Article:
Dempsey knew that he wanted to keep playing. He felt that he still had the skill behind the plate to guide a pitching staff; it was just a matter of finding the right landing spot. So, he decided to try close to home and paid the Dodgers a visit.

“I was 40 years old but I knew I could still play,” Dempsey said. “I went to Fred Claire’s office. He was the new Dodgers GM and I waited in his office at 2 p.m. His secretary told me he was in a meeting and that he would come out and get me when he was done. At 7 p.m., I was still sitting there. The secretary had gone home and it was dark outside.

“He eventually came out and I said I’m sorry Mr. Claire, I never give up on anything, don’t make me do it now. Let me talk to you for a half hour and if it doesn’t work out, I’ll go home and retire. He turned out to be the best GM I ever talked to. ‘This is what  we’re going to do’, I told him. ‘I’m going to hit a homer every 24 at-bats, drive in a run every five at-bats, turn your staff around, win the division, win the playoffs and then win the World Series. I’m going to catch the last pitch and I’m going to give you the ball.’”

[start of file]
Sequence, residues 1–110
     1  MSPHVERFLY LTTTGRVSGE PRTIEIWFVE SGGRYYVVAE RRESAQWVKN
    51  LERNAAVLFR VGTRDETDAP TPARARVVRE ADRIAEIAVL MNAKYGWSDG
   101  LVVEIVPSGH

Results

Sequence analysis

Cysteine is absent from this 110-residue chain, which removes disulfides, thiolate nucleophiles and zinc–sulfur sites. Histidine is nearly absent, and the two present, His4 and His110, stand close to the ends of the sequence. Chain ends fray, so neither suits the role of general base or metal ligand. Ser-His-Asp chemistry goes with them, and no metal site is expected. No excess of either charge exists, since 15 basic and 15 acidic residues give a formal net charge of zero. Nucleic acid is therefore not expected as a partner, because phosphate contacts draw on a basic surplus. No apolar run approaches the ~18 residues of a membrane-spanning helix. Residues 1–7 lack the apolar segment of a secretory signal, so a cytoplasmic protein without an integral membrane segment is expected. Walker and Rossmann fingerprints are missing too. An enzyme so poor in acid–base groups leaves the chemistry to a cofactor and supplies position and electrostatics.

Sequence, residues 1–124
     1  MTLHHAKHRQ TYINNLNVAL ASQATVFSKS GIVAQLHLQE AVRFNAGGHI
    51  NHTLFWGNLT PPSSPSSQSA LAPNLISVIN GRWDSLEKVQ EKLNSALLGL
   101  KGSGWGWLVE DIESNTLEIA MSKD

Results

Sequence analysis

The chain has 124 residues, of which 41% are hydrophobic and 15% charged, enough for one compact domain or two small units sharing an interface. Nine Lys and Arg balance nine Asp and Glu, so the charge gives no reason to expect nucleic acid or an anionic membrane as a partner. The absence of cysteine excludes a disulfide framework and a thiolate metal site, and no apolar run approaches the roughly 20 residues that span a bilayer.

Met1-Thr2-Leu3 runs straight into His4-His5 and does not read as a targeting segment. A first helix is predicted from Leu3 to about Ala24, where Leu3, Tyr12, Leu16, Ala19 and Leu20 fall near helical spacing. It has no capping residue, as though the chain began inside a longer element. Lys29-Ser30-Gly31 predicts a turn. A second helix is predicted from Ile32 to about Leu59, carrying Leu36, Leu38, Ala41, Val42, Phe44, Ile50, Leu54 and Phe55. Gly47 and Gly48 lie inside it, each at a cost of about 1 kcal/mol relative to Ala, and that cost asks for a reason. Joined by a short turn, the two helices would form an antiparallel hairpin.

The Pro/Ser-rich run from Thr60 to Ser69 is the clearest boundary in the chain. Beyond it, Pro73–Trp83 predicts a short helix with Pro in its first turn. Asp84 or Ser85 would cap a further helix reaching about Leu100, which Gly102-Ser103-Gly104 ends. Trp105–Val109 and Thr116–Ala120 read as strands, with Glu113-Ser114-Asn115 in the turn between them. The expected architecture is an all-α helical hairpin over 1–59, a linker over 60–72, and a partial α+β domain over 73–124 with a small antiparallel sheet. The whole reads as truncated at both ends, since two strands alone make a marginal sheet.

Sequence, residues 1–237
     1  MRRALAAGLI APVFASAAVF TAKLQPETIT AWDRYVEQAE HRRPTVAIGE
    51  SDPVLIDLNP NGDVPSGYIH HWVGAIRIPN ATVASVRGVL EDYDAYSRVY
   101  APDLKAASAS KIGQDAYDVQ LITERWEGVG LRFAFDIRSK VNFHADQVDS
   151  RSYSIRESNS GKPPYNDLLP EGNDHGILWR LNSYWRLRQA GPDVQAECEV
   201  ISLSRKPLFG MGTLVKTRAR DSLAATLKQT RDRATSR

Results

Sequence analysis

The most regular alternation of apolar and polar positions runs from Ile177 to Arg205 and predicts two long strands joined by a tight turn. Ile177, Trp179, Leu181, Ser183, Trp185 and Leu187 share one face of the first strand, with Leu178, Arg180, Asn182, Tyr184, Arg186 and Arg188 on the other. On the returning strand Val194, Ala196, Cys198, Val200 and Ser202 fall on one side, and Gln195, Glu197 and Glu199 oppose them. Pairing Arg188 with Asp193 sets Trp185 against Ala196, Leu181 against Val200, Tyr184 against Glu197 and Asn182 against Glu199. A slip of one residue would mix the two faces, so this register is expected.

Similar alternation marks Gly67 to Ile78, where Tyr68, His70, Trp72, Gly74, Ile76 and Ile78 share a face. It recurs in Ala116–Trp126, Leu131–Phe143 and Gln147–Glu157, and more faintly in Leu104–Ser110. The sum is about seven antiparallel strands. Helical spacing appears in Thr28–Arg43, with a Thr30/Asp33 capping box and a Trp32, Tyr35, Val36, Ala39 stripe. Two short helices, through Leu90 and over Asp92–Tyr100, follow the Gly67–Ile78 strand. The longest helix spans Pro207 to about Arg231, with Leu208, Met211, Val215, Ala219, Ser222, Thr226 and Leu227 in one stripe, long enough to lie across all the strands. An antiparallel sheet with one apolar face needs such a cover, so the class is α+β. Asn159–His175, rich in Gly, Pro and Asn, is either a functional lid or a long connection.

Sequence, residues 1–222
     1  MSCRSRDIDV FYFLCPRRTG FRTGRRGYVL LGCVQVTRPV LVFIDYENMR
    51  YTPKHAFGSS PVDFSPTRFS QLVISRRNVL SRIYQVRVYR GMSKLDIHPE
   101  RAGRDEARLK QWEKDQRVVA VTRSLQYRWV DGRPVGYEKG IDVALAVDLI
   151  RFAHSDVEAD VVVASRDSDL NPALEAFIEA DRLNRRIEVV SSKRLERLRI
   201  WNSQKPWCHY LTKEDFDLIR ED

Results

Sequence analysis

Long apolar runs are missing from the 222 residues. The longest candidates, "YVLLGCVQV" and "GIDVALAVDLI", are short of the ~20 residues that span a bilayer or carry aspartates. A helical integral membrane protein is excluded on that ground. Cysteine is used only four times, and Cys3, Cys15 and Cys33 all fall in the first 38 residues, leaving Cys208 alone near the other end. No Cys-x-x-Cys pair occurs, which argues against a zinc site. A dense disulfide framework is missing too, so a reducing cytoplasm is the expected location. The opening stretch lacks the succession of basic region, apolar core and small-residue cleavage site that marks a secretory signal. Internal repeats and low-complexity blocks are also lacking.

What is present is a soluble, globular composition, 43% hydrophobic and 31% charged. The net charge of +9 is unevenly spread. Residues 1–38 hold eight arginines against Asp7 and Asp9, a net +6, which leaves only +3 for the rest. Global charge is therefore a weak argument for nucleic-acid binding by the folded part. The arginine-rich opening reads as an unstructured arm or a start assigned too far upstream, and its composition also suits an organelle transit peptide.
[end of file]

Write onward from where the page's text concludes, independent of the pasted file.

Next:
When Spring Training rolled around in 1988 Dempsey was at Vero Beach with the Dodgers. Despite a strong camp, though, Claire said he needed to send him to Triple-A for a bit until he could find a place for Alex Trevino. That decision wasn’t final, though.

“I told him I can go home and start my managing career and that I’d be okay,” Dempsey said. “So, he left and 40 minutes later he came back and said you made the club. We got to the World Series and I caught the last pitch and gave him the ball. I got it signed by everybody. That was Orel’s [Hershiser] last pitch that season. Mike Scioscia and I got a lot of accolades for turning the staff around. We ended up winning the World Series with what was the worst team, on paper, in history.”

Dempsey’s line for the season was just about what he told Claire it would be. He appeared in 77 games, hit .251 [42-for-167] with seven homers and 30 RBIs.

“Claire called me a few years ago and asked me if I wanted to do a talk with him at the Oakmont Country Club,” Dempsey said. “He told me he gave that ball to the Hall of Fame. The ball was worth $6.5 million. We could have sold it, split the money and been very happy.”